Even by the harshest of gauging parameters, the Panama Canal is nothing short of an engineering marvel and testament to human ingenuity. Currently in its 104th year of serving as a man-made marine shortcut between the Atlantic and Pacific oceans, this fascinating inter-oceanic artery operates through a system of dual-lane lock complexes.
Those privileged enough to have traveled on the waterway, as your correspondent recently did, would notice the locks – including the iconic Miraflores and Pedro Miguel locks – serve as water lifts to raise or lower ships from the Pacific or Atlantic Oceans, depending on their North or Southbound routes, either side of the Isthmus of Panama, to the artificial Gatun Lake 27 meters above sea level; the Canal’s connecting water body for transit.
The entire process and interim journey takes 8 to 12 hours depending on traffic, saving shippers time and money. For example, a voyage from Houston, Texas, U.S. to Chiba, Japan, takes about 30 days via the Panama Canal, compared with 45 to 48 days via the Suez Canal, 50 to 52 days via the Cape of Good Hope and 54 to 56 days via Cape Horn, on average depending on maritime conditions.
Unsurprisingly, eyeing bigger business opportunities, and following an approval via a public referendum, the country’s government decided to invest $5.3 billion to expand the Panama Canal in 2007. The expanded canal, inaugurated on 26 June 2016, saw two new lock complexes on the Pacific and Atlantic sides double its capacity and ability to handle larger ‘Neopanamax’ (or Aframax) class vessels.
The move appears to be paying off. The expanded canal recorded its 3,000th Neopanamax crossing in March, less than two years on from its inauguration. And there is also a slow, but sure, altering of the clientele, according to the Panama Canal Authority (PCA), the agency of the government of Panama responsible for operating and managing the Canal.
Vessels loaded with the proceeds of U.S. shale – be it Liquefied Petroleum Gas (LPG), Liquefied Natural Gas (LNG), condensates and limited volumes of crude oil – are crossing the maritime artery on their way to East Asia in ever greater numbers, if the PCA’s latest available data is anything to go by, atop other route permutations in the Americas.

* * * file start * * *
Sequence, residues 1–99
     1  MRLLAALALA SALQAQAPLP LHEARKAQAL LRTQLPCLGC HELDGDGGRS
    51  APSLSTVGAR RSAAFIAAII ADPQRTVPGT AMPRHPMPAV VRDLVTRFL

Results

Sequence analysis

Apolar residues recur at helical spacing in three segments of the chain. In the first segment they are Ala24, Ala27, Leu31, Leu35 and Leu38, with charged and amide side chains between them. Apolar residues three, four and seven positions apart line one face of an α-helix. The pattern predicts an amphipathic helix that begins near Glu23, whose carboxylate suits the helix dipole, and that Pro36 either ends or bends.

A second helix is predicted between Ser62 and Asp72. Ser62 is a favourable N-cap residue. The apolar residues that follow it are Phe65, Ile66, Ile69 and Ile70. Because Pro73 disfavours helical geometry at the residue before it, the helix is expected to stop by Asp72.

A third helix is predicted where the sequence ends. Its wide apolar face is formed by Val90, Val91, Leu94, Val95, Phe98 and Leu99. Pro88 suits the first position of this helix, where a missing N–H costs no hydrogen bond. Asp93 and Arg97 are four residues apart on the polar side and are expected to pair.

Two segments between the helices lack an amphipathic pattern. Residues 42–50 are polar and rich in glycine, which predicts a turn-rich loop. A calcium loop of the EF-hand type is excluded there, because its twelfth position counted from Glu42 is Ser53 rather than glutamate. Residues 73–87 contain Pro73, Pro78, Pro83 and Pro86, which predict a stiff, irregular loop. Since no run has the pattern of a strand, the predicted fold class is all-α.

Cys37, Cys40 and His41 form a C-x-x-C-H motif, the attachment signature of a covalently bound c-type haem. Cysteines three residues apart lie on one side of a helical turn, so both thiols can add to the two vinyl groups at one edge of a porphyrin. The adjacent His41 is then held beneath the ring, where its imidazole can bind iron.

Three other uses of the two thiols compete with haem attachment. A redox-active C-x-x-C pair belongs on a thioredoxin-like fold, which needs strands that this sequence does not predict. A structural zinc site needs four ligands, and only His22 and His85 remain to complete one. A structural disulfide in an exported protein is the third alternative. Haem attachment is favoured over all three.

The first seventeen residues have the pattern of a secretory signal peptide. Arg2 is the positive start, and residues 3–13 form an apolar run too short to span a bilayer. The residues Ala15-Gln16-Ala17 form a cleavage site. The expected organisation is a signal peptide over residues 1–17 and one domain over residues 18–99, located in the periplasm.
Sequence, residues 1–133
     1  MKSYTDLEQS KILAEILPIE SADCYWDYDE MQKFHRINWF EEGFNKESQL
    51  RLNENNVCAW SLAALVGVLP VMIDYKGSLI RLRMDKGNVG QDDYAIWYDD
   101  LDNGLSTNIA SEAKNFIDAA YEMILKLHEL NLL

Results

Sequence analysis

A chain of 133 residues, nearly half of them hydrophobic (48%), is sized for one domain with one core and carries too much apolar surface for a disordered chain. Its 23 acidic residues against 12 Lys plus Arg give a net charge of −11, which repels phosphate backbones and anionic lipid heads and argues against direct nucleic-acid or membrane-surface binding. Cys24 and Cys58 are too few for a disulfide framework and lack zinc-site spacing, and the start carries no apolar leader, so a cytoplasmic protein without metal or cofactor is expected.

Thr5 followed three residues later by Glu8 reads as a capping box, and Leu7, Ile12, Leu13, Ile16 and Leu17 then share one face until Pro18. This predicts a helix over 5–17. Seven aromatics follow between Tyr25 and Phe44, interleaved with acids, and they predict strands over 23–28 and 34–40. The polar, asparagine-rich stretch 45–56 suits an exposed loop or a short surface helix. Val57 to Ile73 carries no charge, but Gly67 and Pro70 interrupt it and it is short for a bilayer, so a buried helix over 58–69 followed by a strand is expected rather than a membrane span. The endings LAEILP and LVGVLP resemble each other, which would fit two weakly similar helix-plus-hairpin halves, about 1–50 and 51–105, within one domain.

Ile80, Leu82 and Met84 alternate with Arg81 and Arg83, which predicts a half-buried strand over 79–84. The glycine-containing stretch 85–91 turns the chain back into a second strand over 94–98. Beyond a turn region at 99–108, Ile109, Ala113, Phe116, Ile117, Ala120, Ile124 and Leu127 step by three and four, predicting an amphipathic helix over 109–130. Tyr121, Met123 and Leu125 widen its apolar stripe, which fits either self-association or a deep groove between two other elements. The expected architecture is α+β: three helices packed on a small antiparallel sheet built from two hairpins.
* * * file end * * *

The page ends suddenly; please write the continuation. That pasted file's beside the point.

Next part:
The number of transits by LPG tankers rose from 449 in 2016 to 876 in 2017 and transits by LNG tankers rose to 163 from 17 in the year-ago period. Furthermore, in the calendar year of 2017 – the first full-year of the expanded Canal’s operation – there were 1,039 transits of LPG and LNG tankers.
The figure compares favorably with the number of transits by containerized cargo ships (at 2,493 transits); dry-bulk vessels (at 2,915) and chemical tankers (at 1,959) in the same period.
PCA says the expanded Canal’s expansion, a mere six months on from U.S. President Barack Obama’s decision to lift a moratorium on American crude oil exports, and rising natural gas exports from the Gulf Coast following the American shale bonanza, has had a “transformative impact” on the cargo mix transiting through the canal.
Of course, the PCA is keen flag its global credentials with “144 trade routes traveling through the waterway, serving some 1,700 ports worldwide, including 85 direct destinations in Europe and the Americas.” But even a perfunctory study would reveal the U.S. is by and large the most active user of the canal.
While on the Canal onboard the Pacific Queen, and onshore from the Miraflores Locks observation center on chosen dates in April, your correspondent reconciled any tanker he spotted with its route on Marine Traffic website, to draw a conclusion that 75% of the tankers were either originating from or heading to the U.S.
Official PCA figures, ironing out daily fluctuations, put U.S. transits at 68%; well above second-placed Chinese transits at 18%. Narrowing U.S. transit data down even further, it emerges that the state of Texas is the Panama Canal’s top trading partner via its petrochemical and gas exports.